Surface transportation has been a topic of federal policy consideration in recent weeks. The U.S. House of Representatives floated a partisan, large transportation bill, while the U.S. Senate continues to advocate for a bipartisan surface transportation-heavy bill. The Trump administration, meanwhile, focused largely upon removing ostensible project delivery impediments. There’s been a flurry of activity, yet no clear sign of the compromise.
On June 3, 2020, the House Transportation Committee unveiled the full text of its Investing in a New Vision for the Environment and Surface Transportation in America (INVEST in America) Act. The proposed legislation provides for $494 billion in spending over a five-year period to modernize existing infrastructure, fund new infrastructure projects, and increase funding for related government programs. The proposal would direct $319 billion to the Federal Highway Administration’s Federal-Aid Highway Program, $105 billion to the Federal Transit Administration, and $60 billion to various governmental recipients with the aim of improving intercity railway infrastructure.
The INVEST in America Act places particular emphasis on modernizing and improving the weatherization of existing roads and bridges, with $6.25 billion apportioned for a newly created natural disaster mitigation program aimed at bolstering long-term resilience of existing infrastructure. Mitigation of climate change is also a central aspect of the legislation through measures such as an $8.4 billion carbon reduction program, $1.8 billion in funds for low-emission vehicle infrastructure, and an increase in funding to public transit agencies, including a $958 million increase in the base authorization of FTA’s Capital Investment Grants program. Transportation safety programs would also see funding increases, with the National Highway Traffic Safety Administration and Federal Motor Carrier Safety Administration authorized for $5.3 billion and $4.6 billion in funds, respectively. Where the bill doesn’t appear to turn to public-private partnership (P3) approaches outright to these projects, it is clear that P3s are available and certainly not precluded.
The full text of the INVEST in America Act can be found here.
In the Senate, Environment and Public Works Committee (EPW Committee) Chairman John Barrasso (R-Wyoming) has continued to push for passage of the America’s Transportation Infrastructure Act (ATIA), a bipartisan effort which passed the EPW Committee by a unanimous vote in July 2019. ATIA would authorize $287 billion in spending from the Highway Trust Fund over a five-year period with a primary focus on road and bridge maintenance. The proposed legislation also aims to streamline project delivery by establishing a two-year target for completion of environmental reviews relating to highway projects and a 90-day target for issuance of subsequent related project authorizations. The full text of ATIA can be found here.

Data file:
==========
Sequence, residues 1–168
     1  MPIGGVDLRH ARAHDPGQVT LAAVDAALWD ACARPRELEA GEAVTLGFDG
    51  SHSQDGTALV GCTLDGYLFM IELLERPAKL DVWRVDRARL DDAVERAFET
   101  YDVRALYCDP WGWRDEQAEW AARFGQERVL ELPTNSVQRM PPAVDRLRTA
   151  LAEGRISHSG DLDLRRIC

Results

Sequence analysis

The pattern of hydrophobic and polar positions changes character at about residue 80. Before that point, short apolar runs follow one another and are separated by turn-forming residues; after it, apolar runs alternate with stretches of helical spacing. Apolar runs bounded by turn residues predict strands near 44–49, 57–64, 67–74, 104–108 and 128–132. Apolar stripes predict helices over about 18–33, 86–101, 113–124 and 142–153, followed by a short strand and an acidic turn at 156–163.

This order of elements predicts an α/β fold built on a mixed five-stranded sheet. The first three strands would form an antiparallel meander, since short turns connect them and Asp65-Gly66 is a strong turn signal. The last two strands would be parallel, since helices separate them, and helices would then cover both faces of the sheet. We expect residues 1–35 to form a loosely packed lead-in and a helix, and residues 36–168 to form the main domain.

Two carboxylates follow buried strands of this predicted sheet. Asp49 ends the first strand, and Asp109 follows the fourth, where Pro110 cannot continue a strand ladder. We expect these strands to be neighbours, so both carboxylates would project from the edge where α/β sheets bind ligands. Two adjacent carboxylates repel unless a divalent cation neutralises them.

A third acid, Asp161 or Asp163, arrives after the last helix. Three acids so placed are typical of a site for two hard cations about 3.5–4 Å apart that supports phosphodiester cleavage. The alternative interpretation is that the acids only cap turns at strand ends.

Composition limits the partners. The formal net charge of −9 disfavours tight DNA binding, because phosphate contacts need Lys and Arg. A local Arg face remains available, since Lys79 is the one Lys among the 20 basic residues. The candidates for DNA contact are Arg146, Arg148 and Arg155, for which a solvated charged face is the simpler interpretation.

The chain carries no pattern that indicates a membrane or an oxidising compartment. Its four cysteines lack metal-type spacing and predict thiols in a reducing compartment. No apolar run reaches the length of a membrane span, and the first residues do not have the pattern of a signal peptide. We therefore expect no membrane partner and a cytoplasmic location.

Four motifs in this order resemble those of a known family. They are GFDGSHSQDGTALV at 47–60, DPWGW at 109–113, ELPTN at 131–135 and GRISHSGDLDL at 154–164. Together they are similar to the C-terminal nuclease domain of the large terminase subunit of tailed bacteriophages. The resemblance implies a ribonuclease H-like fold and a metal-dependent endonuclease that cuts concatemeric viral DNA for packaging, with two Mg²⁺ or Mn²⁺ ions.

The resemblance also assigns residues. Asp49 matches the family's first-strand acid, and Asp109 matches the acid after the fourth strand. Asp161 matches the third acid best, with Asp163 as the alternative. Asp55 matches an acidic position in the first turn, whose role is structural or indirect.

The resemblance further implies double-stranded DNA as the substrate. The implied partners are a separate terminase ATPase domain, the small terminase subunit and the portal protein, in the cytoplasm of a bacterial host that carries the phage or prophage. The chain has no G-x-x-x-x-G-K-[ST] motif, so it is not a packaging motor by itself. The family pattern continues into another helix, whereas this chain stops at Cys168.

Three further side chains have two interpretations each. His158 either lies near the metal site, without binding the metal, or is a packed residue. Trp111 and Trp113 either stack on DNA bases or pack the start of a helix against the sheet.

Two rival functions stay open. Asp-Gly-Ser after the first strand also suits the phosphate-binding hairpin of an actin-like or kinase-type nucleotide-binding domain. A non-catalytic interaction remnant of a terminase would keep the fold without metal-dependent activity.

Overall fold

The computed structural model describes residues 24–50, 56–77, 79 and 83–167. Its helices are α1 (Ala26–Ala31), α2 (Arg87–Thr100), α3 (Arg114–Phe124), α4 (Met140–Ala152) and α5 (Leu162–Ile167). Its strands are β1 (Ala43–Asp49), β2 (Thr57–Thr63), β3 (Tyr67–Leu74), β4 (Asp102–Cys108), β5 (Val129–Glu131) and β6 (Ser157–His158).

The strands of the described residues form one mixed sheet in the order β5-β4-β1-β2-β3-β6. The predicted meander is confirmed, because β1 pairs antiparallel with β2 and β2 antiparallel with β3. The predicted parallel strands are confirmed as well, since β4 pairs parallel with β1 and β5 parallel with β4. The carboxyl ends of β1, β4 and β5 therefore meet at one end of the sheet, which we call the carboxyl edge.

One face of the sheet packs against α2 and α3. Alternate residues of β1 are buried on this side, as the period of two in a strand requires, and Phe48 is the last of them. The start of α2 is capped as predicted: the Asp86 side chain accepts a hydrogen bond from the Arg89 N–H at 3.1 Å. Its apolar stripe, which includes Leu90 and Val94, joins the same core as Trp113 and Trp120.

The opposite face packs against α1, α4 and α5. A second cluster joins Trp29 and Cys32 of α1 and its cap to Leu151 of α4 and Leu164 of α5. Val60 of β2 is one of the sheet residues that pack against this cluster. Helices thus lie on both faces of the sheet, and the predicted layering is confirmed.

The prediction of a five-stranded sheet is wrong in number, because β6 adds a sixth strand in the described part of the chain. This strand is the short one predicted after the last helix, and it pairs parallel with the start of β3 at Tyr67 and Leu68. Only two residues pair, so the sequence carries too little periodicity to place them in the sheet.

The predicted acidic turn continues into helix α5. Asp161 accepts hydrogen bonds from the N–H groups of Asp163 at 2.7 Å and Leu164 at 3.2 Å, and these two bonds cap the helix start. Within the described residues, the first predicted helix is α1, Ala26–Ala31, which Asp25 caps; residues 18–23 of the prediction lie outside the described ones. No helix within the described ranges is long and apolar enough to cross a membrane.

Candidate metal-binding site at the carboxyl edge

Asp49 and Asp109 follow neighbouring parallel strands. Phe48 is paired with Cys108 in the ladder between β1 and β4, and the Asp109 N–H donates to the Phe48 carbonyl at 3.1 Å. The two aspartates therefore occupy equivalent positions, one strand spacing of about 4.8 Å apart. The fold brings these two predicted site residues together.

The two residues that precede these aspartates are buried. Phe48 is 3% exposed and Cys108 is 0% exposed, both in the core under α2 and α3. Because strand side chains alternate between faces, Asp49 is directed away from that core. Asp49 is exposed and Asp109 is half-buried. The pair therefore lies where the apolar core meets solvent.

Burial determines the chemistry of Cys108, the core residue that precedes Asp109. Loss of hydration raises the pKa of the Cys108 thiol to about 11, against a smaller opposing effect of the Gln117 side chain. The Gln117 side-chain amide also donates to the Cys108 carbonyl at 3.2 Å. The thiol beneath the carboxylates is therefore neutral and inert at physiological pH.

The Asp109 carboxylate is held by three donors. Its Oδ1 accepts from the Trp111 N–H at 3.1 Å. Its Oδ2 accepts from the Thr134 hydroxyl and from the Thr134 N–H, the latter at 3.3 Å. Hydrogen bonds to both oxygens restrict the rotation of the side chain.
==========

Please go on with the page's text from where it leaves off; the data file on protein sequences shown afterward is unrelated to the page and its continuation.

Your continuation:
Elsewhere, in response to the COVID-19 pandemic, on June 4, 2020, President Trump issued an Executive Order on Accelerating the Nation’s Economic Recovery from the COVID-19 Emergency by Expediting Infrastructure Investments and Other Activities (6/4 EO). The 6/4 EO provides broad direction to federal agencies administering infrastructure projects to “…take all reasonable measures to speed infrastructure investments and to speed other actions in addition to such investments that will strengthen the economy and return Americans to work, while providing appropriate protection for public health and safety, natural resources, and the environment, as required by law.” The 6/4 EO also requires applicable federal agencies to review the National Environmental Policy Act, the Endangered Species Act, and the Clean Water Act, and identify any actions which may be taken thereunder in furtherance of economic recovery. The full text of the 6/4 EO can be found here.
Any of the strategies—the House’s rail/transit-heavy strategy, the Senate’s repair and preserve strategy, and the White House’s expedited delivery strategy (shared with the Senate)—acknowledge the need to establish and implement an infrastructure and transportation public policy. President Trump has been promising a $1 trillion infrastructure plan since his 2016 campaign, although not much progress has been made. With the September expiration of the FAST Act—the last comprehensive federal transportation bill signed into law—the time is now.
Although the release of respective transportation infrastructure bills by the House Transportation Committee and Senate EPW Committee should serve as an important starting point for negotiations between the two chambers, observers caution that the November election and an anticipated focus on short-term funding measures in response to the COVID-19 pandemic make passage of a comprehensive infrastructure bill unlikely in 2020. But collectively, they do appear to mark the spaces and approaches favored by the political parties, and depending on the results of the November elections, which direction transportation public policy will likely proceed.